XG-PON Is Alive in Europe… for Now

Just when I thought XG-PON was a dead duck of a technology, it seems the nascent European gigabit broadband market may give it a slender lease of life.

I had written off this technology -- a.k.a. 10G-PON, NGPON-1 or G.987, if you are fluent in ITU standardspeak -- as it all but disappeared from view and conversations after a few tests and trials about four or five years ago. (See BT Puts ZTE's XGPON to Work, BBWF 2010: Huawei's 10G GPON Coup and BBWF 2010: 10G GPON Hits Europe.)

Offering 10 Gbit/s of shared capacity downstream, XG-PON had been developed as the next high-speed fixed broadband evolutionary step after GPON (2.5 Gbit/s shared capacity).

It fell off the technology bandwagon largely because prevailing industry opinion suggested that FTTH operators would invest in GPON and gain what economies of scale they could for a number of years and then upgrade to NG-PON 2 (aka TWDM-PON), which offers 40 Gbit/s of shared downstream capacity and which can use the same outside plant (optical distribution network infrastructure) as GPON, so making for an easier and more efficient upgrade. (See 10G PON Technologies: Where Do They Make Sense?.)

And recently, NG-PON2 has been gaining momentum. (See Verizon Revs Up Wireline Race With NG-PON2, Calix Enters NG-PON2 Race, Adtran Claims Advance in NG-PON2 Economics and Alcatel-Lucent Fires NG-PON2 Starting Gun.)

But wait just one fiber-pickin' minute! It seems there's life in XG-PON yet, at least on the Iberian peninsula. Because Orange Spain has announced it has been putting XG-PON through its paces as an option for connecting mobile basestations (for fixed-line packet backhaul) and offering commercial broadband services of up to 1 Gbit/s.

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This seems a bit of a random move, but there's a logical reason. Orange (NYSE: FTE) has just completed the acquisition of Spanish competitive broadband service provider Jazztel to boost its network assets, customer base, markets and service offering in the country. Jazztel had already invested in a broadband network architecture from ZTE Corp. (Shenzhen: 000063; Hong Kong: 0763) that incorporated XG-PON as an upgrade option, so it looks like Orange is making use of that existing capability. (See Fiber Sizzles in Spain as Orange Targets Jazztel and Jazztel Turns On Its FTTH network.)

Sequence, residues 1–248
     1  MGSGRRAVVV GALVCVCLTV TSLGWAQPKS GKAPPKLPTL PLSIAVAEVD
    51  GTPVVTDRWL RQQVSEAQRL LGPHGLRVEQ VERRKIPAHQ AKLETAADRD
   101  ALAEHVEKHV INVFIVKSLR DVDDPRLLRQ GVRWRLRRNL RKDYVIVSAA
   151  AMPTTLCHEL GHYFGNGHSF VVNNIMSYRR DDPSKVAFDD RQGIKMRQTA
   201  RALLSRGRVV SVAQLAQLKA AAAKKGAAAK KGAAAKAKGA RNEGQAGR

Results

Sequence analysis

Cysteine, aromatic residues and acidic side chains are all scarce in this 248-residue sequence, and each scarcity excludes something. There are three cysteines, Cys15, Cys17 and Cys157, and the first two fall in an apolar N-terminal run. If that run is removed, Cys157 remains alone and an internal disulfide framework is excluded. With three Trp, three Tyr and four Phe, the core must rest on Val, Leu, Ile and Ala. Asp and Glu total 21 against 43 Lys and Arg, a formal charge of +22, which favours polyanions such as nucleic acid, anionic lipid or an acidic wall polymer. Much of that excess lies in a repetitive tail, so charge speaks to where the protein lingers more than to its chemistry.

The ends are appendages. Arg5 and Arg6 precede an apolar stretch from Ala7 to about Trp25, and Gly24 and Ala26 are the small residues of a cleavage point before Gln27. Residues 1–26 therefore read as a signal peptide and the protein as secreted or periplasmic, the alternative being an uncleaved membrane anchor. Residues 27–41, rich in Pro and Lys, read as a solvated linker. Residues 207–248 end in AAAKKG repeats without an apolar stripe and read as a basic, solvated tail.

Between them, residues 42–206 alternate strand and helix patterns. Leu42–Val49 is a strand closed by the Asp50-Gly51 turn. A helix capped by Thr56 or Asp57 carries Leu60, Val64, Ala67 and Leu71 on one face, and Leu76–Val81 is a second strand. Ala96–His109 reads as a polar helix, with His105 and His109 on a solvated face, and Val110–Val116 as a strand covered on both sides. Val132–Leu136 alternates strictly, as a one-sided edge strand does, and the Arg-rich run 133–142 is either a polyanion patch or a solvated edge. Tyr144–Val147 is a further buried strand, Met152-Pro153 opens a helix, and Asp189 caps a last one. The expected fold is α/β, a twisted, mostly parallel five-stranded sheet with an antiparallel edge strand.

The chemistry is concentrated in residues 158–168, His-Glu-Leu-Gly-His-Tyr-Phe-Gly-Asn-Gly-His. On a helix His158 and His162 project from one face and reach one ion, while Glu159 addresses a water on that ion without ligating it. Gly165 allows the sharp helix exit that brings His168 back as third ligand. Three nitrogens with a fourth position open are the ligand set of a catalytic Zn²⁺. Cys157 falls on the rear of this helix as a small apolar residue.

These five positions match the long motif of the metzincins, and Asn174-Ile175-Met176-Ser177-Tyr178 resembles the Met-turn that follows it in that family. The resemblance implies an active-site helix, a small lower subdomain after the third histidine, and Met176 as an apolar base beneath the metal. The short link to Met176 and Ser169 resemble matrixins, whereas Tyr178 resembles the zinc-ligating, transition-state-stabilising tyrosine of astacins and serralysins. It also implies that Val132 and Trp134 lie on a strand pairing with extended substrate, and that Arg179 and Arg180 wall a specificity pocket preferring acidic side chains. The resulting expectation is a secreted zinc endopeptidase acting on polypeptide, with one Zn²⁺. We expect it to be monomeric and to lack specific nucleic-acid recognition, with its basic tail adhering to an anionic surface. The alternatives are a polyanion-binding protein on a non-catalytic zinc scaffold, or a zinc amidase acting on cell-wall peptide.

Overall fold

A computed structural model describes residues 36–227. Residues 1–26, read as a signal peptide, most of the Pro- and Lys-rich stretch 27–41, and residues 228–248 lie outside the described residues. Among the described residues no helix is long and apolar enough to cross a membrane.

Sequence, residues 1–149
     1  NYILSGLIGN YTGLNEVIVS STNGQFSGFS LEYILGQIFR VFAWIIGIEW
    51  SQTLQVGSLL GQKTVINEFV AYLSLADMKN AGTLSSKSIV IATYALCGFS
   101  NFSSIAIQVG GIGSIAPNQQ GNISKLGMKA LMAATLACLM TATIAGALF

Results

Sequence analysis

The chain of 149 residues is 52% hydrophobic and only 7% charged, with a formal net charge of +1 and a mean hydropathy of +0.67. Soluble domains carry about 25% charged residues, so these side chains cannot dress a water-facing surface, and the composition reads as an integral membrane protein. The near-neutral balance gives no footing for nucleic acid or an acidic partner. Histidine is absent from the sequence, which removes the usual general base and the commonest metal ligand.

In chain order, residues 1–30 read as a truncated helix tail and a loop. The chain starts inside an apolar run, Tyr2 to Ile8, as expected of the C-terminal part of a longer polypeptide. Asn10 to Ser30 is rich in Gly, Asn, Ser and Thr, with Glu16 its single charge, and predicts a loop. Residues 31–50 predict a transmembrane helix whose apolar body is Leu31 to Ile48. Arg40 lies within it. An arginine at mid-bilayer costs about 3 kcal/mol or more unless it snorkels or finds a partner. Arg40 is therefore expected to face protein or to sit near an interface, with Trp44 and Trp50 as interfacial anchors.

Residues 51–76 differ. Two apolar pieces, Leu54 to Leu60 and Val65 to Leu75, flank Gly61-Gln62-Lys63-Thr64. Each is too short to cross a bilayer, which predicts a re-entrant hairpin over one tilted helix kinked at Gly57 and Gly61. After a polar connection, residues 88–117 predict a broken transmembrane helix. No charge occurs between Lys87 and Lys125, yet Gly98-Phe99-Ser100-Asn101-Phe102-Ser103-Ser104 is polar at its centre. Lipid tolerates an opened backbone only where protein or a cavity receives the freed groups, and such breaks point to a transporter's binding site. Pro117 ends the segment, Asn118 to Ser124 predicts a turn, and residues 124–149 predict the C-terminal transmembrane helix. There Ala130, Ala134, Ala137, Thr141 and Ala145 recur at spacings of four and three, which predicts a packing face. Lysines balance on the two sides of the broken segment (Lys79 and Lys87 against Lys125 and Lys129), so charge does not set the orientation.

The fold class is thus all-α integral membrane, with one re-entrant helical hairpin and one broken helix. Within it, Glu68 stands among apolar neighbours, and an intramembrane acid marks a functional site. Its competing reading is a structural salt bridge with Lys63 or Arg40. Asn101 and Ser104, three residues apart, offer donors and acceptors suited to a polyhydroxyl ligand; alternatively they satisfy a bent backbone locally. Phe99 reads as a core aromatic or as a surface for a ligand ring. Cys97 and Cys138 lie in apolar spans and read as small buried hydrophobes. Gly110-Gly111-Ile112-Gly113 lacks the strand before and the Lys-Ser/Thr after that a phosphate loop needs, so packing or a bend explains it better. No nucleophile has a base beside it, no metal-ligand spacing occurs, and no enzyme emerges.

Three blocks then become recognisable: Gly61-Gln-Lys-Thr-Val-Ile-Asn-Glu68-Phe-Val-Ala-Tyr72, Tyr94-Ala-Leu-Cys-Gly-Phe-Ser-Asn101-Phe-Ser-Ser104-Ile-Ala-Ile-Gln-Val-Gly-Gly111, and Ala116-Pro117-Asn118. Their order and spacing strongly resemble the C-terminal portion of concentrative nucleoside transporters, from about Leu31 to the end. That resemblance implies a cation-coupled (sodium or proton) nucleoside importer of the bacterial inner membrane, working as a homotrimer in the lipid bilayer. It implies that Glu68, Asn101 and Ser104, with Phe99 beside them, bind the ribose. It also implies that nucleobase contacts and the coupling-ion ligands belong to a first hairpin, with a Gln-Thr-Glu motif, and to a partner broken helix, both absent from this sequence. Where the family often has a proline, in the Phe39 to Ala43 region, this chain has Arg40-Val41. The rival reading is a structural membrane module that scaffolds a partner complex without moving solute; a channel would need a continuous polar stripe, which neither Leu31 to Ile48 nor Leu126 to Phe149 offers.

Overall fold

There's also a competitive imperative, as Spain's incumbent operator Telefónica SA (NYSE: TEF) has deployed XG-PON, from ZTE's fiercest rival Huawei Technologies Co. Ltd. , to develop its gigabit broadband services. (See Eurobites: Telefónica Preps NG-PON 1 Rollout.)

But XG-PON looks to be little more than a stepping stone: At the same time as announcing its mobile backhaul and gigabit trials using XG-PON technology, Orange Spain noted that it's about to start testing NG-PON2.

XG-PON may be experiencing something of a mini Spanish revival, but it looks short-lived. What's going to be interesting during the next few years is seeing if any of the other current broadband technologies that are attracting operator attention -- WDM-PON as yet another potential fiber-to-the-premises technology and G.fast and next-generation vectoring as the next steps for copper access lines -- go the same way. (See Qualcomm M&A Move Signals New Fixed Broadband Battle, A Guide to G.fast and Gigabit Europe: Where Beer & Broadband Come Together.)

— Ray Le Maistre, Circle me on Google+ Follow me on TwitterVisit my LinkedIn profile, Editor-in-Chief, Light Reading

Duh! 8/21/2015 | 11:28:41 AM
Re: xg The significance of these technology trials is overstated.  They are a necessary, but not sufficient, step toward new service offerings (or upgrades to support existing services).  Vendors provide engineering prototypes, along with engineers to support them.  Cost to the service provider is relatively small. They are perfectly willing to conduct a successful technical trial and then shelve the results.

I do not expect Verizon to roll X-GPON1 or NGPON2  to support FiOS mass-market services any time soon.  From what I understand, utilization of existing GPON is very light, and expected to remain that way for a long time. 

The obvious application for these technologies is wireless backhaul.  However, it's not clear that there is enough coordination between VZ's wireline and wireless businesses to exploit this synergy. 

The other forseeable application is carrier ethernet services.  The question that the marketers will have to wrestle with is whether enterprise customers with bandwidth needs in excess of 1Gb/s are willing to accept shared facilities.  It is telling that the NG-PON2 trial included Type B protection.

This is good press for the technology team in Waltham, for Cisco and for PT.  For the immediate future, it's not much more than that.
steve q 8/20/2015 | 11:38:16 PM
xg The only question is what will verizon use this new xg--pon for fios customer or for there new moblie media. The new speed is great but at what cost for the customer most are using data only with the cost of cableTV.
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